Chisels - I could quit if I wanted.

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dannyr

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They are Best Improved Round London Pattern.
You can hold onto the bulb and put your shoulder against the end and use the force of your upper body to pare downwards. It's also why they are sooooo loooong.It makes your shoulder look like chopped liver for a while, but you'll get used to it.

So that's what the dark stains on the end of some were ...... BLOOD ...... maybe I shouldn't have cleaned em up and kept this 'patina'
 

Jacob

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,...... some of the videos online of crafts people from the past working for a living that gouges are often used for doing much of the wood removal before finishing the edges square with a straight chisel.
Similarly with a scrub plane or adze - effectively a gouging tool to remove material quickly but roughly, followed by a flattening one.
I used to pop in the Chesterfield market (before Covid) but always got the impression someone had got there before me!
 

workshopted

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Moulson Brothers Sheffield. The gouges and paring chisel are approximately 21 inches in length. I bought them off a stall in the eBay car park a few years ago. :love:
1641900136786.jpeg
 

workshopted

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It's just that my social worker said I should come to the meeting for support. I'm not a binge chiseller, it's just that I can't walk by a cheap good 'un in need of resto , and here in the Sheffield area, they're everywhere. I can quit, honest.

It all came to a head when I stopped counting chisels and just counted sets of chisels.

For example, one of my favourite, the thin patternmakers paring chisel, non-bevel type:


View attachment 126514
These are rather gorgeous, Danny, but I'm getting a bit worried that you may be turning into a magnet - have you noticed any difference in your pulling power lately? :love:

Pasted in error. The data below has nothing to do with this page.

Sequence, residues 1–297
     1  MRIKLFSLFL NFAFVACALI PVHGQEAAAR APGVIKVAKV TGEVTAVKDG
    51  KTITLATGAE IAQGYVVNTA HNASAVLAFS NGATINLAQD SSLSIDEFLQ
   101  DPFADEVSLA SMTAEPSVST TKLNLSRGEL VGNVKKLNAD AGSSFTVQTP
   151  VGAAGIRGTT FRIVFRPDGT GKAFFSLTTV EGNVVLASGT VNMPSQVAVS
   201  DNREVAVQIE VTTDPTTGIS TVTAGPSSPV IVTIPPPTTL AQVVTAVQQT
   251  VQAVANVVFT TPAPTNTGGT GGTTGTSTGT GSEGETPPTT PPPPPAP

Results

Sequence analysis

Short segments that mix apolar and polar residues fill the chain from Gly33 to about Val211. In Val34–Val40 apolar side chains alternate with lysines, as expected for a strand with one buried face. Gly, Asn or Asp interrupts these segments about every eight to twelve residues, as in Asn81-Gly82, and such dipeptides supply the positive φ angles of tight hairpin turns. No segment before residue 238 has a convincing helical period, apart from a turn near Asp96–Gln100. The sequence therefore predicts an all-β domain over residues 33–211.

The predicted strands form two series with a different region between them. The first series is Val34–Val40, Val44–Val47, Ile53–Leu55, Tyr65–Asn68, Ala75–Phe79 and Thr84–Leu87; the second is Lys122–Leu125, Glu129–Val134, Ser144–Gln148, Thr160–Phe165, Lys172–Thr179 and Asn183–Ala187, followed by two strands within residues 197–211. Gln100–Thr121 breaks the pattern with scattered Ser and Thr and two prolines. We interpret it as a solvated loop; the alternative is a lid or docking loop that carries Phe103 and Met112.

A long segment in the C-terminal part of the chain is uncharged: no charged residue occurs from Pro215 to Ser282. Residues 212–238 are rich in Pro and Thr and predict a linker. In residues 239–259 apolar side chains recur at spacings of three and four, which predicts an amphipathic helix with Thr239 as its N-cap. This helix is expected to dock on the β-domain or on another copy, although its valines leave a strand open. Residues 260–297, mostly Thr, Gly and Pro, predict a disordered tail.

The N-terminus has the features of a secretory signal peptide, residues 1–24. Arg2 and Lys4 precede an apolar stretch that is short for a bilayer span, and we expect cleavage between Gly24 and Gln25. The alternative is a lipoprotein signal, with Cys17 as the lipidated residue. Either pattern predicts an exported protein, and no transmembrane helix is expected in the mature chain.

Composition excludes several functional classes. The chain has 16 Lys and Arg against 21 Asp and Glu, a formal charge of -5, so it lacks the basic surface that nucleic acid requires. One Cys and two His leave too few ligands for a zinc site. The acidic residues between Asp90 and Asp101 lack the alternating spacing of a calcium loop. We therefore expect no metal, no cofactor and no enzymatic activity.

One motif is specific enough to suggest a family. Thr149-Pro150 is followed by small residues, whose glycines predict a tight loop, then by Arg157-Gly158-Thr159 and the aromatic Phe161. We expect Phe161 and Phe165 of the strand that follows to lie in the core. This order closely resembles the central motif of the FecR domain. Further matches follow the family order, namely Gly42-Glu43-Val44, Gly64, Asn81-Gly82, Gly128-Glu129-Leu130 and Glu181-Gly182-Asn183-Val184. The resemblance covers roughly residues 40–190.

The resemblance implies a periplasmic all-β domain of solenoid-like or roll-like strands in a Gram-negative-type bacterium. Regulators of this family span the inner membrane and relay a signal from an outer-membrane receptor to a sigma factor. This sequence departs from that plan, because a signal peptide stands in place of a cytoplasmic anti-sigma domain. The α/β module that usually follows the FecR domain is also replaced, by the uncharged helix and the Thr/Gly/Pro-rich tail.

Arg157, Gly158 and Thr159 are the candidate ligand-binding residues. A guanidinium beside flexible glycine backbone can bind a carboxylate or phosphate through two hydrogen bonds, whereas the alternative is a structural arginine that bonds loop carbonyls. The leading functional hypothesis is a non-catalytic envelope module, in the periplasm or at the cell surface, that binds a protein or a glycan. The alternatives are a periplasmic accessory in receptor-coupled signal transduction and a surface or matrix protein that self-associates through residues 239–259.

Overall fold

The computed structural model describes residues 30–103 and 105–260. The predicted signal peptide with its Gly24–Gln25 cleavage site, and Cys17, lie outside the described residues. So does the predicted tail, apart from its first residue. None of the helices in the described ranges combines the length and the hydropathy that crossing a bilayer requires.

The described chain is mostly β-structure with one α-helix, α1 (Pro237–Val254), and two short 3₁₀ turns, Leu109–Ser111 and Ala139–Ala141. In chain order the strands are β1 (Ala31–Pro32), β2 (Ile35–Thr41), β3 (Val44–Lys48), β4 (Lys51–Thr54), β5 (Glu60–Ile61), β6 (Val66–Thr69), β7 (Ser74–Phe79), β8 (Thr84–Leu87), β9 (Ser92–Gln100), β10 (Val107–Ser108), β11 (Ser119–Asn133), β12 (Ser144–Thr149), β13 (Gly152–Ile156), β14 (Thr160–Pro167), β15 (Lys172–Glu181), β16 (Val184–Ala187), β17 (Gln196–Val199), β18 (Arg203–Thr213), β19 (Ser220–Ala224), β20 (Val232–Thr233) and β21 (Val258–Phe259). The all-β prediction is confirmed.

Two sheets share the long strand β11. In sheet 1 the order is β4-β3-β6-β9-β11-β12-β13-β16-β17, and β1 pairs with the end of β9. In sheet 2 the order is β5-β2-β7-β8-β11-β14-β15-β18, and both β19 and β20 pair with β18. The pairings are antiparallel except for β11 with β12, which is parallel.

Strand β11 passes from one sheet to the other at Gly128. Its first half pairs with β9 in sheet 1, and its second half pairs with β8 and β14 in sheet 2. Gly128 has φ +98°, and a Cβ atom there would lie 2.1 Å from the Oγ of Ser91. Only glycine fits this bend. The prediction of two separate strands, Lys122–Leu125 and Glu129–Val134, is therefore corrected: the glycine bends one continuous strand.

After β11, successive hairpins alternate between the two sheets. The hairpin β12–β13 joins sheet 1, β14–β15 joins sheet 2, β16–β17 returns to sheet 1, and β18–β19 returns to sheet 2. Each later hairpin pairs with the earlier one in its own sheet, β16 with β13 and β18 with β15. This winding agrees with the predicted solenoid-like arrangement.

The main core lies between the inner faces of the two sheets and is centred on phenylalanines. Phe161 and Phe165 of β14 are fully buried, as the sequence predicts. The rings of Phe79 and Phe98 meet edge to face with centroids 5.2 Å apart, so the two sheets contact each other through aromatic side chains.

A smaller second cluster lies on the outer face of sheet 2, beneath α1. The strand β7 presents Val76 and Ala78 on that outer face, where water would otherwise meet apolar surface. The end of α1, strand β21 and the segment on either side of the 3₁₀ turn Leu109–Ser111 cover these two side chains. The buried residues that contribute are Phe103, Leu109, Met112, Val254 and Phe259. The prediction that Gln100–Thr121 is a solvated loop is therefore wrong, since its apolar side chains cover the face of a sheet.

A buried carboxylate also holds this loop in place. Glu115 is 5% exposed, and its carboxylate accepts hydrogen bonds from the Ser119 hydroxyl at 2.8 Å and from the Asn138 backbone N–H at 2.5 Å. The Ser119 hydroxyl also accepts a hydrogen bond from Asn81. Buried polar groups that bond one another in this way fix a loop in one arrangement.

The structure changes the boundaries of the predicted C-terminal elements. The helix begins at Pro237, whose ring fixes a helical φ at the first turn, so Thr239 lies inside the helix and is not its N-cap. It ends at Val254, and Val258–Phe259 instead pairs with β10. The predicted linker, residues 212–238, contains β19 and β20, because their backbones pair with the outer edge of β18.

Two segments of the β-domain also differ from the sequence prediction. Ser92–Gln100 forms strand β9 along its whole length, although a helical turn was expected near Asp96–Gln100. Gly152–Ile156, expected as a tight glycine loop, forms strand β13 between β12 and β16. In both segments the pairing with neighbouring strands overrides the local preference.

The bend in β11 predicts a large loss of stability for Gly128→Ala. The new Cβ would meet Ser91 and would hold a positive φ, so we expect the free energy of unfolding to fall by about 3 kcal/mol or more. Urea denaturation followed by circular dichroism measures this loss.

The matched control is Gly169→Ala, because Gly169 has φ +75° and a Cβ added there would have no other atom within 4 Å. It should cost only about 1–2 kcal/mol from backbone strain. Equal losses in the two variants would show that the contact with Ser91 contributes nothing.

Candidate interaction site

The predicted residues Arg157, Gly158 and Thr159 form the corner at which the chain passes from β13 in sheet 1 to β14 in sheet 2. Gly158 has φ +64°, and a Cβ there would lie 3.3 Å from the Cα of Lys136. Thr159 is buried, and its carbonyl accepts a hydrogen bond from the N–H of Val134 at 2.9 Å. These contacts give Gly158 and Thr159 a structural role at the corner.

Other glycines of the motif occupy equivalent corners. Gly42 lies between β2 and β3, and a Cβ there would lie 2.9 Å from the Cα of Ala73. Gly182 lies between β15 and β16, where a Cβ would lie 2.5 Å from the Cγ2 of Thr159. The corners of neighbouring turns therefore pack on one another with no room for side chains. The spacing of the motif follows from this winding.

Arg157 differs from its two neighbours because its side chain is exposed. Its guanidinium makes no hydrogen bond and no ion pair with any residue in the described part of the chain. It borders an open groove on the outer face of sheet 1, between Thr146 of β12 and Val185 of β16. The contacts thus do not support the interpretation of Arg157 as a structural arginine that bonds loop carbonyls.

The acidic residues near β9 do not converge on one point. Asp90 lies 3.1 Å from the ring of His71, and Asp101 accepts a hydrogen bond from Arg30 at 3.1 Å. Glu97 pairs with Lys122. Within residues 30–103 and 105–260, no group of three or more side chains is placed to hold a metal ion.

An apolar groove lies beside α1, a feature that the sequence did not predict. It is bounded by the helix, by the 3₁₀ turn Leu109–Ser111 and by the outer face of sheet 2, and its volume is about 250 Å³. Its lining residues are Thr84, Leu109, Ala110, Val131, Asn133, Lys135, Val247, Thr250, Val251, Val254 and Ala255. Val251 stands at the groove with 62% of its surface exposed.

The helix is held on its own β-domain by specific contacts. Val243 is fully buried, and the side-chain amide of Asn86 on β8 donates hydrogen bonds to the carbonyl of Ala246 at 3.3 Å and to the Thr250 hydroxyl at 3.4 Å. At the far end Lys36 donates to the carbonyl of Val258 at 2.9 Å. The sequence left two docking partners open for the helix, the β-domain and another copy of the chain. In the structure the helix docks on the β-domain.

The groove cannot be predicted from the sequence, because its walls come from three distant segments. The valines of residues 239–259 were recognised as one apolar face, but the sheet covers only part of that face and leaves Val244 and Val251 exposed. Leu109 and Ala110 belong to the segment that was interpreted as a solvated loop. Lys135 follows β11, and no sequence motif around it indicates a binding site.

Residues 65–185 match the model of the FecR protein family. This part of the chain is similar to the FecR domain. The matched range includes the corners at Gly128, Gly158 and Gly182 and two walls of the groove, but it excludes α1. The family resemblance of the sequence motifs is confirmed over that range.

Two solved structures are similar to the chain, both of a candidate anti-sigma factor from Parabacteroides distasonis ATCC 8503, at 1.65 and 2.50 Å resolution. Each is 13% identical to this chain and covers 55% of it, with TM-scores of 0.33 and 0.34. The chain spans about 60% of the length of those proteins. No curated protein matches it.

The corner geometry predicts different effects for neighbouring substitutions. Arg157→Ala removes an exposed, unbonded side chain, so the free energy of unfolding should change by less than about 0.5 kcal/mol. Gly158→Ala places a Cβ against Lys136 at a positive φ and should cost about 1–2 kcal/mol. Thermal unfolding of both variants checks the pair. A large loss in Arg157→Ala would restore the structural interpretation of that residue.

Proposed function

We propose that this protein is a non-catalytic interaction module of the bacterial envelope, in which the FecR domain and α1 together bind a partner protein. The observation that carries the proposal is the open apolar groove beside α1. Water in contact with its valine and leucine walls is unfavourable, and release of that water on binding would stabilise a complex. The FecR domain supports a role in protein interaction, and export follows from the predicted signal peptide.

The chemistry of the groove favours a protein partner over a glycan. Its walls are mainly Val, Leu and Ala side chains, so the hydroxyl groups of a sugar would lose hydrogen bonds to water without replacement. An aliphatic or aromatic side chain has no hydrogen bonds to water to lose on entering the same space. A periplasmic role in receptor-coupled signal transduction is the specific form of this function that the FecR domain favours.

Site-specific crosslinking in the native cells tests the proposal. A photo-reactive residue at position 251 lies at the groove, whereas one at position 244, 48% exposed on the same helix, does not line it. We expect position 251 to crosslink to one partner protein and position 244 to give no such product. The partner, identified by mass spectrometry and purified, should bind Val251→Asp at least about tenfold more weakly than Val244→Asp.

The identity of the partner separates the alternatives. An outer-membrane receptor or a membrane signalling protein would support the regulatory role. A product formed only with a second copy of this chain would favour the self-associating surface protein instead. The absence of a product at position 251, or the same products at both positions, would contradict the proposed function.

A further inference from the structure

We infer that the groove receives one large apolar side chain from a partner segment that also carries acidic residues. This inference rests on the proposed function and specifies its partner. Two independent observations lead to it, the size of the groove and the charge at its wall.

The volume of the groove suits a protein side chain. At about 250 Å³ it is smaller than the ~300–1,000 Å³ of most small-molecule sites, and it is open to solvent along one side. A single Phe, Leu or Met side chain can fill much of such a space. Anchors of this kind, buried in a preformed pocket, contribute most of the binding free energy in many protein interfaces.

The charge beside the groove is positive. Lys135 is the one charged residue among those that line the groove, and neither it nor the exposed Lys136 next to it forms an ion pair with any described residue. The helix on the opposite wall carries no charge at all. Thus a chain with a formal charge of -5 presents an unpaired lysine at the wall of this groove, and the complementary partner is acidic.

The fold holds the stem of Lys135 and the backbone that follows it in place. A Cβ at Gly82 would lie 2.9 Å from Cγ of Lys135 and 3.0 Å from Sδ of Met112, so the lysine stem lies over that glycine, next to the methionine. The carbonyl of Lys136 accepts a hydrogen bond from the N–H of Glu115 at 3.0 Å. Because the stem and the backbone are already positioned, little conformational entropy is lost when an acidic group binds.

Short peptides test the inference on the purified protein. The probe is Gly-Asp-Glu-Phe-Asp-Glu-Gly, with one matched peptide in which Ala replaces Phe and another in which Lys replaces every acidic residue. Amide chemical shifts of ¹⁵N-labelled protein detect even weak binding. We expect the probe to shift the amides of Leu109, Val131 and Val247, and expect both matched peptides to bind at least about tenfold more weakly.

D_W

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They excel at cutting side grain to a line (because the sides of the cut are clipped by the gouges - the grain doesn't split and travel past the marked line and break out)....

...speaking about incannel gouges.

And they are superb paring across end grain where much of the cut will be somewhat diagonal to the straws or up with no part of the corners buried in the cut splitting off wood. The ability to use a patternmaker gouges on a piece of furniture to trim off end grain easily is something that can't be overstated. It's not matched by just narrowing a cranked neck flat chisel. It's near effortless.

Once you get one set up well (I would suggest a conical or small sanding drum on a lower speed setting on a die grinder (like 10k rpm) to grind back the bevels and then stone just near the edge slightly steeper with a pair of stone (a deburring wheel and buffer is dandy for this also) and then hone the back of the barrel on a stone until the edge is free of damage and polished near the tip. You want to bias the pressure toward the end of the tool, but not lift it.

The difference in how an incannel gouge cuts end grain vs. a flat chisel is literally often the difference between being able to physically cut end grain neatly or not.

No clue why the ears are sometimes sheared back, but it may be to be able to maneuver the chisel a little bit to release a cut without digging corners in, or it could be just to make sharpening and grinding easier. I doubt most of these chisels are ever being used in carve repeated patterns like a lot of firmer gouges may be as when I have gotten most of mine, even if they're sharp, the edge isn't neat.
 

D_W

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Moulson Brothers Sheffield. The gouges and paring chisel are approximately 21 inches in length. I bought them off a stall in the eBay car park a few years ago. :love: View attachment 126575

Those are divine. The tang style suggests they're fairly early, and the quality of the glaze inside of the second one is supreme. The bolsters also look neat and well finsihed. Really nice!!
 

D_W

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I think the handles are long on a parer because there's no reason they can't be. There's no balance issue because you are always holding the handle, and the only real problem you could have is fat chisel blades making them end heavy. They don't start to feel funny unless you put the rounded part in the back of your hand to push the chisels and your fingers never touch anything that tapers down (there's an older notion that something is on chisel handles for finger or thumb to push, but that's a poor idea - ask someone with mild arthritis to try it. Pushing is done with the back of the chisel in the ball middle of the hand or leaning over hand in front of shoulder or just shoulder pushing. I've made handles longer and shorter just to try things out and without the butt end as rounded and you find out pretty quickly why veering away from the established stuff was a dumb idea.